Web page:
It is a working principle of the authorities that they do not even consider the possibility of mistakes being made.
Kafka’s novel about someone's wasted efforts to gain access, for some purpose unknown to us, to a mysterious authority residing in a ‘castle’, is a timeless classic of German literature and one of the most comical novels ever written. The book is a brilliant satire about nonsensical organisation and administration for its own sake, but it can be interpreted in many profound ways.
Even so, the book is an easy read; Kafka describes in crystal-clear language the struggle of the main character K to gain access into the bureaucracy of the castle’s administration, and the grotesque explanations of other characters in the novel about how the authority works.
The smallest change on his desk, the removal of a dirty mark that has been there for ever, anything like that can upset a man […]. Well, of course nothing of the kind bothers Klamm, there can be no question of that, even if it would bother anyone else in any line of work you like to mention. All the same, we are in duty bound to watch over Klamm’s comfort by removing troublesome factors if they appear to us potentially upsetting, even if they do not, as is very probable, upset him at all.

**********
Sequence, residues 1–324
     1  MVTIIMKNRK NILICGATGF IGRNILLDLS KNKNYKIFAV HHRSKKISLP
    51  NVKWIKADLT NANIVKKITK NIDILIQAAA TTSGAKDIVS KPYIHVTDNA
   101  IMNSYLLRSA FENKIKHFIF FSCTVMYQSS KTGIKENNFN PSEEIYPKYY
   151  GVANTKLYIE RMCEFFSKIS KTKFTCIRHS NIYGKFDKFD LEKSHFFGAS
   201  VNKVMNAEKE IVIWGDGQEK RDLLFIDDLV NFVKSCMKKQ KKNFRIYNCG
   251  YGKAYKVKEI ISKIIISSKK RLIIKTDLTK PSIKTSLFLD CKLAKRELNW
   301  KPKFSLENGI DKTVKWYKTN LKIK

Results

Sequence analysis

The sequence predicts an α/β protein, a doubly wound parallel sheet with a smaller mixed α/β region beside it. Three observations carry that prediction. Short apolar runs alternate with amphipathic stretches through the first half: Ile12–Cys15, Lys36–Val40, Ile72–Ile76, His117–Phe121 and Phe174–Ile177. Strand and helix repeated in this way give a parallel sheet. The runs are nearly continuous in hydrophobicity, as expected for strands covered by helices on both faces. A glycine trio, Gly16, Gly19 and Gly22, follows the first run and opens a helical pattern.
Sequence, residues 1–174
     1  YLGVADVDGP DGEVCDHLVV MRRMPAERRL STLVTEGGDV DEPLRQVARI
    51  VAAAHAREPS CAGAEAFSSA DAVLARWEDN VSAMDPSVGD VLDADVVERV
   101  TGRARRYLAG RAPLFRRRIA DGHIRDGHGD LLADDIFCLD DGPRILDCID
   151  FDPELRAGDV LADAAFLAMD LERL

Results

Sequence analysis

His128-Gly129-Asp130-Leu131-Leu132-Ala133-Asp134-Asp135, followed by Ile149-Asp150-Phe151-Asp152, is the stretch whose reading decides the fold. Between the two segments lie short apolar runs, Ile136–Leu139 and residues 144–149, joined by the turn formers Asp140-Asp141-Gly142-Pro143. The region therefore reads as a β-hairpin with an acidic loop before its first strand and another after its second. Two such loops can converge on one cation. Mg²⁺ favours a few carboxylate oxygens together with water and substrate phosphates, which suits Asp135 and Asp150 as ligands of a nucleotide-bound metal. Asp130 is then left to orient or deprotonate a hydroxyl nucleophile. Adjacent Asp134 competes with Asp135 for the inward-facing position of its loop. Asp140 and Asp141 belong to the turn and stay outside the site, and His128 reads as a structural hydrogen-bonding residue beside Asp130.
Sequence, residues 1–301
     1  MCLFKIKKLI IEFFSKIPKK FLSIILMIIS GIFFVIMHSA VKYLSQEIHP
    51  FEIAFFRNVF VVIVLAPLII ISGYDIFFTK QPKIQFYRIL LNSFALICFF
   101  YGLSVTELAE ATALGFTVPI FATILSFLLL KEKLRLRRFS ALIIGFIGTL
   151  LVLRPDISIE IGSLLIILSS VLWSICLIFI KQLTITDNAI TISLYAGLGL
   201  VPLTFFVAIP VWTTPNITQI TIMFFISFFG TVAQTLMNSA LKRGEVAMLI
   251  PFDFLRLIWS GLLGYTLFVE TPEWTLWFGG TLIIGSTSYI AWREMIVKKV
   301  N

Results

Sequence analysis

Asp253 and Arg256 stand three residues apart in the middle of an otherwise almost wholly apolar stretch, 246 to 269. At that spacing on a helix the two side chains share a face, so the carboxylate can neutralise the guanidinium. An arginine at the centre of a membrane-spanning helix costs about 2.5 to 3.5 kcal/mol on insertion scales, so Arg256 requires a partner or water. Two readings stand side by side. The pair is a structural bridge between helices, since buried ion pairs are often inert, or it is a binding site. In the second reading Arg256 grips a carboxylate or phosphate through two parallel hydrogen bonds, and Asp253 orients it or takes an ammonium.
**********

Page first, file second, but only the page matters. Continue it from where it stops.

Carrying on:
Everyone around the authority appears to have an explanation for the officials’ actions, but they often contradict themselves, and the activities of the authority itself are ambiguous. The villagers even praise this as a feature of the authority and its officials.
The novel breaks off when there seems to be another possibility for K to access the authority. Kafka did not finish the book. The magnificent, in parts surrealistic and extremely funny book about the ultimate bureaucracy is a must-read for all public administration staff.
There are only supervising authorities. To be sure, they’re not intended to detect mistakes in the vulgar sense of the word, since there are no mistakes, and even if there is a mistake, as in your own case, who’s to say that it’s really a mistake in the long run?
Franz Kafka | Das Schloβ | Anaconda Verlag, 2007 | 416 Seiten | ISBN-13: 978-3866471061
Franz Kafka | The Castle, translated by Anthea Bell (quotations are taken from this translation) | Oxford University Press Inc., 2009 | ISBN 978–0–19–923828–6